If you think about it, this whole interaction took place BECAUSE Martha offered to host Our Lord. Without Martha’s invitation, and dedicated service, Mary wouldn’t have had the opportunity to sit and listen to Jesus!

Martha’s story gives us much food for thought.

I invite you to take this passage to prayer today, and to ask for St. Martha’s intercession, that her experience with Christ will draw you closer to Our Lord.

St. Martha, pray for us!

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Commentary by

Ashley Osmera Ashley Osmera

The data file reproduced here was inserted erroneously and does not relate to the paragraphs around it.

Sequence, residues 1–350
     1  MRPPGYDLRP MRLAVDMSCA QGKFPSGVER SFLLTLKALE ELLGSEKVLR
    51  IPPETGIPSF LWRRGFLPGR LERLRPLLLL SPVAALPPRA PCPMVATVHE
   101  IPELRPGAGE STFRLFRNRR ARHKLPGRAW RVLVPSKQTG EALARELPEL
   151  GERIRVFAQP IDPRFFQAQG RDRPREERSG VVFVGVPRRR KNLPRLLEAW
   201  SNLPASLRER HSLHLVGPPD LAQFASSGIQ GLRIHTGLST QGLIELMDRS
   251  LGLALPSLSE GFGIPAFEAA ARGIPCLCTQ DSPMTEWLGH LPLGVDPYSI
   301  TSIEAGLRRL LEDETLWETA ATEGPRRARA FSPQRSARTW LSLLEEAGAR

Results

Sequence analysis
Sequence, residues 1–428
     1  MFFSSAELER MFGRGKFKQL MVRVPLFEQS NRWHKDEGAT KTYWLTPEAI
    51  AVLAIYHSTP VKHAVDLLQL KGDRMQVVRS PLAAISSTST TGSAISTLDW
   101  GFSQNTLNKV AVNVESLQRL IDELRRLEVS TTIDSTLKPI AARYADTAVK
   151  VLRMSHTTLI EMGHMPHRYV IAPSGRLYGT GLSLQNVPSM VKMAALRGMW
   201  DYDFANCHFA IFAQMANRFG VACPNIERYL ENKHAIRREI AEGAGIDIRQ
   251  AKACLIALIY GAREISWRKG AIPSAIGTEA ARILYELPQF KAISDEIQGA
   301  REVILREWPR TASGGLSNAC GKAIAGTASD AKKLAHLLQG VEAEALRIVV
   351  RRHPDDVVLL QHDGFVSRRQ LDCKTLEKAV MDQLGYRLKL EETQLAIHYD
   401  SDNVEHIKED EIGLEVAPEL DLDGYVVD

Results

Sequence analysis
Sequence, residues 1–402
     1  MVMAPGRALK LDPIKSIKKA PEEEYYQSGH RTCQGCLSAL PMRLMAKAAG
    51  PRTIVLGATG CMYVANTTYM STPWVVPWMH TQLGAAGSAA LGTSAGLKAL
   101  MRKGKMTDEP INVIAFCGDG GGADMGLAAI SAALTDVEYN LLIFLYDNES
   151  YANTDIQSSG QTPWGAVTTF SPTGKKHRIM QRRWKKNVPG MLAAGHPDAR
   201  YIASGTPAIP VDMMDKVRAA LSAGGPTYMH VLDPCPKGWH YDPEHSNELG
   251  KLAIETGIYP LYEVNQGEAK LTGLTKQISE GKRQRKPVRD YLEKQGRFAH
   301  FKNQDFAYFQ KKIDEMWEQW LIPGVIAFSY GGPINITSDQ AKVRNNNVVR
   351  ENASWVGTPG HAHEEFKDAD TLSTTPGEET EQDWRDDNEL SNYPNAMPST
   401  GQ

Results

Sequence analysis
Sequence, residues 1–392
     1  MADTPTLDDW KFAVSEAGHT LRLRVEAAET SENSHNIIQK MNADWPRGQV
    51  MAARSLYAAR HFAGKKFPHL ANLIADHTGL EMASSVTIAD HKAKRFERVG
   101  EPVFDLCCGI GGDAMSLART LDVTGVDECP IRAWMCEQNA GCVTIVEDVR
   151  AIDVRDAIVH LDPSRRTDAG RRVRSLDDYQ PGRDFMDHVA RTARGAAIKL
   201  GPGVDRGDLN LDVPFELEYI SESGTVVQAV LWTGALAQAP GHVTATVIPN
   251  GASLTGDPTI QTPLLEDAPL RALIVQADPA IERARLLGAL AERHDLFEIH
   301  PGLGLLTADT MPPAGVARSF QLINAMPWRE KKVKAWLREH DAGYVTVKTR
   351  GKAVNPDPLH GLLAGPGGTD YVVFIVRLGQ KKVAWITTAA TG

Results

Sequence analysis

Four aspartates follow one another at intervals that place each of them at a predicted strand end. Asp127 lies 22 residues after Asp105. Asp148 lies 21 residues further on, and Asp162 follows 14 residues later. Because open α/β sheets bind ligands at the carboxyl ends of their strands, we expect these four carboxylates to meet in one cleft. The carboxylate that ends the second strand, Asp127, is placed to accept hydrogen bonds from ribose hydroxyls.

Ashley grew up in Charlotte, NC and found her way back there in adulthood. She graduated from Belmont Abbey College with a degree in Psychology, and hopes to pursue a degree in Counseling at the graduate level. Ashley enjoys reading, being outdoors, and all of the fine arts, including writing, art, theatre, ballroom dance, and music. Her favorite devotion is the Sacred Heart of Jesus, and she also has a newfound love for St. John Paul II and Mary Undoer of Knots. Ashley has written digital content for a variety of religious and secular institutions.